City diplomacy could be considered a form of decentralization of international relations management, choosing cities as the key actors. In many cases, the representatives of cities involved in city diplomacy will be the mayors, given that they are often responsible for the international relations of their communities. On behalf of their cities, these key actors can engage in relations with other actors on the international stage through two-sided or multiple-sided interactions. There is a lot of room for city diplomacy to grow. It can be driven by image or investment interests, development and strategic communications complete each other.
A city relationship is formally created when the mayors or highest elected or designated leaders from two communities sign a memorandum of understanding establishing the partnership. Nevertheless, this is usually the result of a long process that involves the local city organizations along with the municipalities and other local institutions. It takes a lot of work to get to this stage, so, as in many other cases, sustained effort and clear vision pay off. So, time to shape up the in house mayoral or county staff and consolidate a stellar local talent team of global reach.
Competition matters but so does cooperation. Collaborating with neighboring or nearby cities enables cities to plan and implement actions to address emissions from energy infrastructure, public transport, food systems, waste management, and other services that often operate across municipal borders and to address cross-border climate risks. It also helps cities overcome regional or national climate-policy barriers, share the cost of staff and equipment, and secure better access to data, funding, and technical assistance – all of which can motivate other cities in the area to participate as well.
Image and Investment demand a third I in the 2020s: Innovation. The fastest way to connect cities and counties is using technology. The technological progress of recent decades has had not only a powerful but also a transformative influence on urban life. As technology progresses and becomes more affordable, the functionality and sustainability of urban practices undergo significant advancements as well. At the same time, increased access to information consolidates the role of knowledge as a powerful engine of economic growth. This enables the development of knowledge-based and connected societies. Under these continuously evolving conditions, many concepts about the organization and management of the new technological capabilities have become popular, including the smart city.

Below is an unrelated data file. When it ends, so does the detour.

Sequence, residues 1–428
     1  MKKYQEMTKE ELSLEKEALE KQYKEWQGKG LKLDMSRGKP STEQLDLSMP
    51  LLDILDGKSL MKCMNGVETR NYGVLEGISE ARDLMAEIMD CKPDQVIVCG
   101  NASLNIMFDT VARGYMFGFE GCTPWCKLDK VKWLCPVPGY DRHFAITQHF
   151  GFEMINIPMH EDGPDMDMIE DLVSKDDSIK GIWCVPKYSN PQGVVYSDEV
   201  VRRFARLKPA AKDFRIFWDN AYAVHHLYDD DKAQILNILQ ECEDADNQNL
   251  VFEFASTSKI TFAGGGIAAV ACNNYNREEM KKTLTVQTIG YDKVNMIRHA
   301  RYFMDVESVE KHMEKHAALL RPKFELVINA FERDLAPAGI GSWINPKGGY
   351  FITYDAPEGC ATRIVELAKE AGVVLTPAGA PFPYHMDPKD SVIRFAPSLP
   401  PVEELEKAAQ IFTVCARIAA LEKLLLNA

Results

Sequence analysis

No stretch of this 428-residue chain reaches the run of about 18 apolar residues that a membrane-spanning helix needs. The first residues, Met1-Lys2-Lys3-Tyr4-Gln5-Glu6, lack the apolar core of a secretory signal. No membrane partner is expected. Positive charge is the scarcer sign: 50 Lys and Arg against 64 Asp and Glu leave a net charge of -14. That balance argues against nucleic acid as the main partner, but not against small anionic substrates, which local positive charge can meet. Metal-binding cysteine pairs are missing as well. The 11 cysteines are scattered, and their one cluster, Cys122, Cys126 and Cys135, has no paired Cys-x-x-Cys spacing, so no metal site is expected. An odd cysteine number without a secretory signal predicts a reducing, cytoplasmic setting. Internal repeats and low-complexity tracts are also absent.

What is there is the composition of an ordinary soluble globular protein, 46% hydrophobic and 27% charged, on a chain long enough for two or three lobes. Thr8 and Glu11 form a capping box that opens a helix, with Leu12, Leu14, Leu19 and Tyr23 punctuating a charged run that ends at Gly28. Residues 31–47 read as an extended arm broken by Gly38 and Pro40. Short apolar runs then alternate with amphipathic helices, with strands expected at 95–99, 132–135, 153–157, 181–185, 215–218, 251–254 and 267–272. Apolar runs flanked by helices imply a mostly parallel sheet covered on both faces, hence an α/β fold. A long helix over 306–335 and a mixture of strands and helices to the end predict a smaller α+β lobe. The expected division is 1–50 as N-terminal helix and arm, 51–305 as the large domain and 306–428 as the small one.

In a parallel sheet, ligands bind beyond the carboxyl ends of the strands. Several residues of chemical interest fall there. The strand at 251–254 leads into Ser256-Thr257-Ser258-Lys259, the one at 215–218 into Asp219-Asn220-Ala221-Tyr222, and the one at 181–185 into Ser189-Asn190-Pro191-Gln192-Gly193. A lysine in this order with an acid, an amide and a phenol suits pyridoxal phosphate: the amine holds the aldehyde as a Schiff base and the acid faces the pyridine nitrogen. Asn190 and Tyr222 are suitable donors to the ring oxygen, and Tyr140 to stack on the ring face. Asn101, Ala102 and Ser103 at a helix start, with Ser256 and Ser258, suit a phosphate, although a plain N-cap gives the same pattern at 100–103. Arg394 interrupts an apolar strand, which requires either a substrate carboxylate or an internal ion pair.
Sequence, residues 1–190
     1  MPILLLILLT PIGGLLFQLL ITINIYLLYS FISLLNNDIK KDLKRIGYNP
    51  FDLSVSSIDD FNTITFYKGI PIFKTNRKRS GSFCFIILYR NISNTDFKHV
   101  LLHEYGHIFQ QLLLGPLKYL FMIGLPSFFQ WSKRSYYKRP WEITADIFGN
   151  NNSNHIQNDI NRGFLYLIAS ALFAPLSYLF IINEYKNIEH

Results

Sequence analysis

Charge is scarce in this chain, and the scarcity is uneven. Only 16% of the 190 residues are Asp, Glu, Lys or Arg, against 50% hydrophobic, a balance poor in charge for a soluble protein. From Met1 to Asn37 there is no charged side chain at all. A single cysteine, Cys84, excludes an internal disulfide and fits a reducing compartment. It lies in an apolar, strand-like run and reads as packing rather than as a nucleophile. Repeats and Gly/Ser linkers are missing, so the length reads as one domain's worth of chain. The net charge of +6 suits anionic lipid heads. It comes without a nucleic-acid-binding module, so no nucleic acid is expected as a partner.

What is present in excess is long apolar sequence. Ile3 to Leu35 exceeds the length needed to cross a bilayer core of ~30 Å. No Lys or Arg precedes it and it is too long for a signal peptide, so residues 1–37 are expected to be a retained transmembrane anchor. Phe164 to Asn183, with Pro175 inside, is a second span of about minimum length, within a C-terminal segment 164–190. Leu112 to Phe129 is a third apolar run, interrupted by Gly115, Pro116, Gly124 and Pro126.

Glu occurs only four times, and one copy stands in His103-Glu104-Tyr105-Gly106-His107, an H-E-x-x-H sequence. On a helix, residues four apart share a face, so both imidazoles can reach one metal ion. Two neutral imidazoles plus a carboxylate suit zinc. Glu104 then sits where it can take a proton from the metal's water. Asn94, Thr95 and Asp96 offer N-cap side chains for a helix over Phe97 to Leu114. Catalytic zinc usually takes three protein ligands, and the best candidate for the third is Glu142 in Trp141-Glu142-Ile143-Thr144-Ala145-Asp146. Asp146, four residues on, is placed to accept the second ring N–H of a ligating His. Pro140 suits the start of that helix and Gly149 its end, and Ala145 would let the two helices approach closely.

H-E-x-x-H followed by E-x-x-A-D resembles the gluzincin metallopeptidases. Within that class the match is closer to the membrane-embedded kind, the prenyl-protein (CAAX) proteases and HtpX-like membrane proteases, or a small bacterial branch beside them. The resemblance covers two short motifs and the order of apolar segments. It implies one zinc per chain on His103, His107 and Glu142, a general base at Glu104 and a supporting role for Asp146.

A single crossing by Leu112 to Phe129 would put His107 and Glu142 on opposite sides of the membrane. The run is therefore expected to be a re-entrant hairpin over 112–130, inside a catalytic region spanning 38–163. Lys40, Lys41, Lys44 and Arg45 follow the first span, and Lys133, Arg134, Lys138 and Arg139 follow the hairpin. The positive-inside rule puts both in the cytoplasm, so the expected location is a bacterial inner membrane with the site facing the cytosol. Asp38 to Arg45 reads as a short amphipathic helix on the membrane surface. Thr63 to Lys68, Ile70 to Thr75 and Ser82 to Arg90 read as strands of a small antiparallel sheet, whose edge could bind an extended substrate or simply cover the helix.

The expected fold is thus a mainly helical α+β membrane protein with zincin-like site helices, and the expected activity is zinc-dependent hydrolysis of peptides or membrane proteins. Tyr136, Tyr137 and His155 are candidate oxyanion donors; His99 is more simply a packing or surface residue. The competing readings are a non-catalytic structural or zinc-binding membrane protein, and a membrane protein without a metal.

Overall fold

To establish an approach for the ideal future of an urban settlement that harnesses technology should be part of the integrated processes that connect cities at a regional level. In the best-case scenario, a city that aspires to become „smart‟ has an integrated, forward-looking plan that includes a vision and a methodology focused on benefiting from digital technologies to improve urban functions and develop knowledge ecosystems. Like any strategy, the plans for smart cities must be adapted to the needs, priorities, and constraints of their circumstances.
Funding for smart city projects is still carved out of overall city or department budgets, either through existing spending (e.g., IT, lighting contracts) or designated ‘smart city’ spending, which is typically relatively small. It is therefore difficult to identify the exact amount local authorities allocate to such projects. Even though a lot of the investment for smart city projects comes from the general city budget, cities have found it most beneficial to have earmarked funds for innovation initiatives. At the moment, what is clear is that the funding and budgeting has to match the ambitions of big cities and transform the smart city objective into reality.
National governments are also encouraging cities to increase funding by boosting the participation of the private sector in delivering smart city projects. Businesses’ experience with participating in the delivery of smart city projects has been dominated by pilot projects often utilizing public sector grant funding. There is room for much more. Local authorities need to make more strides towards scaling pilot projects and procuring large-scale solutions. The city must be able to articulate clearly the challenges it faces and develop a more open way for the market to respond. The sky is the limit, if the game is played well. An innovative image and investment diplomacy operation is an important way forward.
Regional City Networks: Bringing the 4IR to Small and Medium-Sized Cities
The World Economic Forum is launching two regional networks of cities in Latin America and South Asia to share knowledge on smart city development while protecting public interests related to privacy, security and sustainability. Under the umbrella of the Forum’s G20 Global Smart Cities Alliance the two city networks will connect leading pioneer cities from the Global Alliance with smaller cities in the region.
Smart city technology improves sustainability, resiliency and quality of life, but about 50% of the world’s urban population live in smaller or medium-sized cities. With cyberattacks on municipalities rising and digital technologies becoming central to economic competitiveness, these cities need to invest in new technologies, but have less capacity than their larger global counterparts to implement the ensure effective governance.